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New Haven 
June 2nd 1862

My very Dear Son,

I cannot express in words the gratitude I feel that your life has been spared to us. How merciful and kind has been the dealings of our heavenly Father towards you that you were preserved in such a fearful time. I am rejoiced that I did not know of the battle till it was over. Tuesday evening we were sitting in the library. Quite a number of gentlemen of the Legislature were calling and the Revd. Mr. Dutton happened in and they were talking about the news and I was of course feeling very anxious when Mr. Bunce came in and said that Captain Corlis had telegraphed that the 5th was safe. You can have no idea how relieved we all felt and [Ed] Blake also telegraphed and on Friday I received your welcome letter and to day (Monday) your Father received another. They have been read by quite a number. Every one is so anxious to hear.

Mrs. Corlis has just gone from here. She is going to start for Williams port this evening. She was anxious to have me accompany her and I did long to do so but as I have been quite unwell I thought it would not be prudent to think of such a thing much as I should be delighted to hold you to my bosom again should you not have given your Mother a welcome. I know I am foolish but I do so long for a good night kiss such as you used to give me in days of yore. You can have no idea how much we all think and talk about you and often laugh at your old sayings.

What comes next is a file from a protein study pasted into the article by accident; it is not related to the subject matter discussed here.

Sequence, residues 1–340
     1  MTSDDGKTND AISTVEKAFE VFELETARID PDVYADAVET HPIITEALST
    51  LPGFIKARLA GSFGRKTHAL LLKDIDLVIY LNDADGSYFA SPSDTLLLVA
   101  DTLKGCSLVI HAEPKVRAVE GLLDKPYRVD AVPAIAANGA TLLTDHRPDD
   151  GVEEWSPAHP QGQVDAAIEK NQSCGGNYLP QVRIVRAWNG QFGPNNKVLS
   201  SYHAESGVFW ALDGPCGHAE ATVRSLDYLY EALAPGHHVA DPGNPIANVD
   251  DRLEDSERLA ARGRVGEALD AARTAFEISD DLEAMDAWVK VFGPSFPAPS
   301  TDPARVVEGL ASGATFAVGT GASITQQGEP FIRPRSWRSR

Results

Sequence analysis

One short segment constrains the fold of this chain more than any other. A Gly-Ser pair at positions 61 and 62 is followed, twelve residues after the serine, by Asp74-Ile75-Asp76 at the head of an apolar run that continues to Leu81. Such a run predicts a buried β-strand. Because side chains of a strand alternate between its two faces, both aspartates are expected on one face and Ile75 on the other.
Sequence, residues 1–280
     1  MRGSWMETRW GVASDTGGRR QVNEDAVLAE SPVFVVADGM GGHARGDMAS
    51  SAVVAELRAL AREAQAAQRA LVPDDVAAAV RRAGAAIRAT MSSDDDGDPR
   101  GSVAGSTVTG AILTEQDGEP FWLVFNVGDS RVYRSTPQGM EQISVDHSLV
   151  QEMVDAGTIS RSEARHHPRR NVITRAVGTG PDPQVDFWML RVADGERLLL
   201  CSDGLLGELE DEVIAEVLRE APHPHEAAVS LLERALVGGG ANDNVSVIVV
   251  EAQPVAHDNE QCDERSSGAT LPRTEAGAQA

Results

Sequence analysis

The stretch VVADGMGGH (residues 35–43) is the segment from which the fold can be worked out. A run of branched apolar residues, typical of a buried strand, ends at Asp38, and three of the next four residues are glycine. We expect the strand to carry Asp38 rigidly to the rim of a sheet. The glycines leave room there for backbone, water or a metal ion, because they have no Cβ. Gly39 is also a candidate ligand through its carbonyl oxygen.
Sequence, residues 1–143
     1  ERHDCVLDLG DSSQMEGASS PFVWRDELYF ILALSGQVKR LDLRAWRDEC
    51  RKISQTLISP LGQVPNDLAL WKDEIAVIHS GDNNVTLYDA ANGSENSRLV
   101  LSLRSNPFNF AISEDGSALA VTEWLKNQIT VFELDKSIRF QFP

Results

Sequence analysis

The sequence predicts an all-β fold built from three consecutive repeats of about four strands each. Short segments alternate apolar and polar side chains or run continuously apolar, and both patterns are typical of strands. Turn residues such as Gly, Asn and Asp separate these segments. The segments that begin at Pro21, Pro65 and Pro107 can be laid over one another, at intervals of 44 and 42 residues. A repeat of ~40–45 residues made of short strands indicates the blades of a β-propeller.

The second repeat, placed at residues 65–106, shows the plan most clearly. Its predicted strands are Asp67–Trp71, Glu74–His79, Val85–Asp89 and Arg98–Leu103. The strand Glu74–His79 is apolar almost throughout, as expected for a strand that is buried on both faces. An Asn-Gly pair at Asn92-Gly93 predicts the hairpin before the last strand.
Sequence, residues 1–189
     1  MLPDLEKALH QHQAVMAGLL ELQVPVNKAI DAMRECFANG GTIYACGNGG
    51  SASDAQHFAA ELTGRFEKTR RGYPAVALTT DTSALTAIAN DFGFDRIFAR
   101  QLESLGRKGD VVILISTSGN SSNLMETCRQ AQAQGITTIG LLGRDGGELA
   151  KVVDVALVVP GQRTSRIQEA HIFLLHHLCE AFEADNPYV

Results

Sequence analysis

I was so in hopes you would remain in Williamsport and then I thought you would be able to get my letters. You have no idea how many I have written that I think you could not have received or you would have mentioned some things that I have written. I am sorry you did not get the letter I sent by Dr. Bissell. Poor fellow I am sorry he is captured. . . .

I do wish Dear M you could see how pretty our house looks and every thing about the garden. I often wish you could see the improvements and the arrangements inside you would like. I should enjoy it if you was only here but I do feel so anxious about you all the time that it destroys a great deal of my pleasure.

I wish you would continue to mark your letters [with numbers] as you forgot to do so [on] the last two. I shall also mark the next I write by mail. Did you get one I wrote about a week or two ago? I directed it Washington. Father is in a great hurry to take this to Mrs. Corlis and I am writing in great haste and it is almost dark.

All [sister] Hattie’s family are well. She wrote to you by Dr. Bissell. She sends love. Did you get the picture of the baby that I sent? Do continue to write as often as you can. It is such a comfort to us. I hope some of my stray letters will get to you by and bye. Your Father will write soon. Lilly was very much pleased with her letter. She sends love. She will write again soon. I must now say good bye Dear Melzar.

From your ever aff. Mother,
E. E. Dutton

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